Architectus acknowledges Aboriginal and Torres Strait Islander Peoples as Traditional Custodians of the lands on which we live and work.

We honour their unique cultural and spiritual relationships to the land, waters, sky, and communities and their rich contribution to society.

This website uses cookies to offer you a great experience and to help us understand how our website is being used. By using this website, you consent to our use of cookies. For full details on how we manage data, read our Privacy Policy.

Accept
Mission critical: the rising demand for data centres

Mission critical: The rising demand for data centres

Smart phones. Streaming services. Online gaming. Hybrid working.

Our everyday habits – combined with the accelerating needs of Artificial Intelligence (AI) – are intensifying the demand for digital infrastructure.

Demand in the US is forecast to reach 35GW by 2030,1 meaning current data centre capacity needs to nearly double.

Microsoft and OpenAI are planning a USD$100 billion 5GW supercomputer campus by 2028 to continue developing AI models.2 Amazon also announced it will invest USD$150 billion in data centres over the next 15 years to maintain a cloud computing edge over Microsoft and Google.3

In Australia, the relative scale of growth is similar, with the domestic market forecast to see a compound annual growth rate of over 7% until 2028.4

The biggest players – hyperscalers and co-location providers – are scouring the country for suitable sites for these critical pieces of infrastructure, as vital to society as transport networks or power stations.

A challenging pace

With a typical two- to three-year turnaround from site acquisition to go-live, data centre supply is struggling to keep pace with demand.

The availability of power and connection to fibre networks usually dictate the suitability of a site, now more likely to be in existing urban areas with greater planning constraints.

But this poses challenges, with few town planning schemes considering data centres as a desired use for land. To streamline the approvals process, it’s even more vital that facilities are designed to be in sync with their context and community.

Other site constraints include boundaries that aren’t rectilinear and challenging topography, making the roll-out of template designs difficult.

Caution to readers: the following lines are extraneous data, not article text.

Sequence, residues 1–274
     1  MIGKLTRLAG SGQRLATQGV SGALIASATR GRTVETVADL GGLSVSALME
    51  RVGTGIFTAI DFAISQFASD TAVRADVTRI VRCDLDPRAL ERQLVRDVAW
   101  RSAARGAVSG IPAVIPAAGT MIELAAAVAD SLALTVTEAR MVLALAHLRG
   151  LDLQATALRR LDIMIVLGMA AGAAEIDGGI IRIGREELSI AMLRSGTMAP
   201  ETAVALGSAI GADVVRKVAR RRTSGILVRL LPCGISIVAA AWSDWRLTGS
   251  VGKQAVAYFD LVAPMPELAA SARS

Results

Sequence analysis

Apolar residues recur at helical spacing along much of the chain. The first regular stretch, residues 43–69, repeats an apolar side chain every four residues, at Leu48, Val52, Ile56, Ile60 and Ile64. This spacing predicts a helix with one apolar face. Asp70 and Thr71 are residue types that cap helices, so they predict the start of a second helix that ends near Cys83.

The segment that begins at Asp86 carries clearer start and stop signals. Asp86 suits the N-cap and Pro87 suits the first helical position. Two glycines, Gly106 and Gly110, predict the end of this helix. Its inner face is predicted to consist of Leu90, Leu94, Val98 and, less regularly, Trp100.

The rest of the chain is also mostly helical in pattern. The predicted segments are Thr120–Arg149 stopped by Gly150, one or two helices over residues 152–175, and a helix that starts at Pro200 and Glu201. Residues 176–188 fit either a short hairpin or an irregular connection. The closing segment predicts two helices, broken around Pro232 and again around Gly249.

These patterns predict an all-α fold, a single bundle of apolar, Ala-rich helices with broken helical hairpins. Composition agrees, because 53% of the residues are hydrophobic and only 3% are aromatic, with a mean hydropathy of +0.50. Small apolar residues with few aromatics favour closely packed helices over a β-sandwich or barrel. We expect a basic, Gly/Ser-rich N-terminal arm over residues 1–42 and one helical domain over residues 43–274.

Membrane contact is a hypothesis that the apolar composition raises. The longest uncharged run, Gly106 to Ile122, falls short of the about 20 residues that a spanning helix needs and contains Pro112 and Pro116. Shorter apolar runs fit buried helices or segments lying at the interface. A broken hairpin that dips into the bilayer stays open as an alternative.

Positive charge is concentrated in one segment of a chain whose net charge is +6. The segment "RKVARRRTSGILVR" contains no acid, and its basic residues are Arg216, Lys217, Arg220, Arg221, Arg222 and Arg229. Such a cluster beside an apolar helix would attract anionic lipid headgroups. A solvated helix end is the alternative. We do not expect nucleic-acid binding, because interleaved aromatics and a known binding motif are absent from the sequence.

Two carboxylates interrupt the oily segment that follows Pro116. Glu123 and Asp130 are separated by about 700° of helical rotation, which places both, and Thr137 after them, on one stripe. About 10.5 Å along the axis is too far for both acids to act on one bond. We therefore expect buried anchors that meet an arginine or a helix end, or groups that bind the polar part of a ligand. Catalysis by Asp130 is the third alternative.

But one of the most vital considerations has nothing to do with location, planning, power, or even technology.

Mission critical: the rising demand for data centres

It’s about the people operating, visiting, or doing business within these facilities. What will make an employee want to work there? What will win over a new customer?

This is precisely where design becomes critical in the overall process.

Engineers provide the much-needed expertise to meet the technical and equipment needs of data centres. But only architects, interior designers and urban designers can create facilities that embrace the fast-changing digital future without losing sight of the fundamental needs and aspirations of people and cities.

A new class of centre

In Brisbane, Architectus is working on the second stage of NEXTDC B2.

The first stage of B2 was Australia’s first Uptime Tier IV certified facility, with several independent and physically isolated systems that act as redundant capacity components and distribution paths.

Our latest work on B2 is the next step toward creating a new class of data centre – one that balances engineering realities with a facility that responds to human needs.

In fact, demonstrating B2’s positive contribution to its context and community as part of an emerging innovation precinct was key in obtaining planning approval.

At Constance Street (see image above), the building’s frontage is designed for activity, with four levels of customer and office space revealed through maximum glazing. These levels feature projecting balconies, planters and ‘pods’ to breakdown scale and enrich the environment for pedestrians.

Overall, the building’s massing is simple and legible, with a distinctive upper and lower strata.

Mission critical: the rising demand for data centres

A company showcase and engaging workplace

B2 Stage 2 provides more technical space for data halls and plant requirements.

But it also represents a more sophisticated offer to meet emerging company, customer and staff needs, introducing elements such as a Client Experience Centre and an 80-seat auditorium.

As NEXTDC’s head office, it will also reflect the company’s direction and aspirations and support collaborative, hybrid working.

The design of the facility’s dedicated floor for customers demonstrates the thinking NEXTDC put into creating a welcoming, inclusive experience.

It houses a ‘town hall’ style gathering space that can be used for larger forums and events. Day-to-day spaces include a range of meeting and training rooms, a parent’s room, a multi-faith room, a games arcade and a lounge. Secure on-site parking and top-quality End of Trip facilities complete the offer.

B2 Stage 2’s blend of technical innovation and human-centred design demonstrates that data centres can do more than just serve society’s ever-increasing technology demands. They can also contribute to meeting the fundamental needs and aspirations of people and cities.

Dean Symington is a Perth-based Principal and Market Lead Data at Architectus. He has led the design and development of mission-critical facilities in Australia for clients including NEXTDC, Microsoft, Amazon, and the Department of Defence.

More

Mission critical: the rising demand for data centres
Sustainable design wins at NSW Chapter Awards